It may not here be irrelevant to state, that, by a late survey, the level of the Red Sea is fifteen feet higher than that of the low Nile about Qaherah, Cairo, (Mr. Wilkinson has a most provokingly correct method of spelling his proper names,) and about five lower than the river during its inundation. Therefore a great part of Egypt lies at the mercy of the Red Sea, which sea is also found to be thirty feet higher than the Mediterranean. Ali has shown much judgment in refusing the experiment to be tried of cutting through the isthmus of Suez. We are sure that skilful engineers, by means of proper locks, could restrain the higher water from rushing into the lower, though that water be a sea; yet treachery, or carelessness, or mere foolish curiosity, might be productive of the wildest devastation. Were an unchecked current once established, every thing would be carried before it; the low lands inundated, the bed of the Nile increased by the salt water, irreparable mischief done, and the face of whole regions changed.
It may be expected that we should say something of the pyramids. The subject has been over discussed. We think them to be less in
“ The feats of the Psylli are well known. Snake-players and conjurors existed at an early epoch among the Egyptians. They are not less common here at the present day.
+ “ Ibis animal is equally destructive to the flocks and some beasts of burthen ; and bunger prompts it even to live on the standing corn and doora, of which it frequently destroys a great quantity. But the ass is its favourite meal. It is not gregarious. The female often chooses the corn-fields to conceal ber litter.
" A common Italian game. Any number of fingers are held out simultaneously by the two players, and one guesses the sum of both.
“ As raising each other from the ground, leap-frog, throwing up three balls in various ways, mounted on the back of one who had failed in catching them, &c.”
tended as mounds wherein to hide royal sepulture, than astronomical erections made by the priestly free-masonry. Most of them have . been broken into, explored, and plundered, ages before either Salt or Belzoni effected entrances. As we have again recurred to the architecture of the Egyptians, we will here do them the justice to state, that, from time immemorial, they have understood the arch, and that it was from them that the pointed gothic style was first introduced into Europe. There is now standing a vaulted tomb near the pyramids, of hewn stone, being the oldest stone arch hitherto discovered, having been erected in the time of the second Psamaticus, more than two thousand four hundred years ago.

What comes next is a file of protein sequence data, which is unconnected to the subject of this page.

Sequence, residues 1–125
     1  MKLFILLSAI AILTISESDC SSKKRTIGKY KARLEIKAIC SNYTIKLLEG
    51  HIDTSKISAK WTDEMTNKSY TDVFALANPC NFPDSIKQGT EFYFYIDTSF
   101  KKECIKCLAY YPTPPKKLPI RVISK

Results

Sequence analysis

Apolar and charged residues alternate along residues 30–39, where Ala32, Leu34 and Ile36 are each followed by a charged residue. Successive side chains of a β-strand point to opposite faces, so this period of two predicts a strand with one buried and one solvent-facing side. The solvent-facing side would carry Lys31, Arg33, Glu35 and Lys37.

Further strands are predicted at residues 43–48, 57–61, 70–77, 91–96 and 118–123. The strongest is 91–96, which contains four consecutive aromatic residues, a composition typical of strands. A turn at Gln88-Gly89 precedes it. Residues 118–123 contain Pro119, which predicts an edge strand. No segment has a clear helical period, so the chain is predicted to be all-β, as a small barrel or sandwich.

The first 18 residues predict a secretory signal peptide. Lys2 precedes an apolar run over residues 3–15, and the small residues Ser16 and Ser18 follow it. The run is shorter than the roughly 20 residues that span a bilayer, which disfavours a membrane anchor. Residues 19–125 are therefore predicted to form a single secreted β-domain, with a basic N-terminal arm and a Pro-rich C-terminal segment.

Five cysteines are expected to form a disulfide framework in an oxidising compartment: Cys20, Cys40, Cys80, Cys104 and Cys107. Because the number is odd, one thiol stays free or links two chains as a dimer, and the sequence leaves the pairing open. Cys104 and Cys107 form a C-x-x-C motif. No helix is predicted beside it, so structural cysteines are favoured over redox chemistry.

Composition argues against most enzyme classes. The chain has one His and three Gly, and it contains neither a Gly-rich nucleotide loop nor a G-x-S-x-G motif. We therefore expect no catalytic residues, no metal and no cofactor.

Long as we have made this article, we feel that we have done our work but imperfectly. Many most important subjects we have not even touched upon ; but our labour will not have been vain if we have excited in the bosom of the reader that ardent curiosity to peruse this work with the attention that it so highly merits. The author appears to have brought every requisite to his undertaking :great knowledge, not only of the learned but the modern languages, particularly those of the East, habits of patient investigation, assisted by great powers of reasoning, and a love for his subject that ensures an unabating ardour in its pursuit. He is no theorist, and is bigoted to no system. He has conquered much, and frankly confesses that that much is but very little in comparison with what remains to be
He is gathering materials that perhaps it may be the lot of other hands to arrange, though we fervently wish that nothing may prevent him reaping the laurels that he is now only sowing. It is our conviction that, in the Bible and in the hieroglyphics, the true history of the world will be read. Hitherto they corroborate each other won derfully. The records of the former are limited only to the adventures of a chosen, though a stiff-necked race; we may find in the latter much of which, from the very nature of the subject, the other has omitted.
Notwithstanding that the work before us is, strictly speaking, topographical, it will be found very pleasant reading, from the air of candour and sincerity that runs through the whole of it. The author not only makes us participate in his knowledge, but in his doubts also. He is evidently cautious, not only not to deceive his readers, but also to guard against self-delusion. We feel that we may depend upon him, since he sometimes mistrusts himself.
Criticism can only follow a writer similar to Mr. Wilkinson. He is the first on the march. Had she been more modest with the illtreated Mr. Bruce, she would have been spared many a blush of recantation. In a case like this, the author must know more of his subject than any other person existing. All that the critic can do, should he be desirous of being condemnatory, is to go and acquire more, or at least as much, information upon this particular subject than the author :-let him do this, and then, if he can, let him wreak his vengeance. The general, however illustrious he may be, cannot know so much of the country as the exploring party that he sends forward. Mr. Wilkinson is in the van of Egyptian learning. There may be higher grades on the literary muster roll than that which he has yet attained, but, in his own department, there is none before him.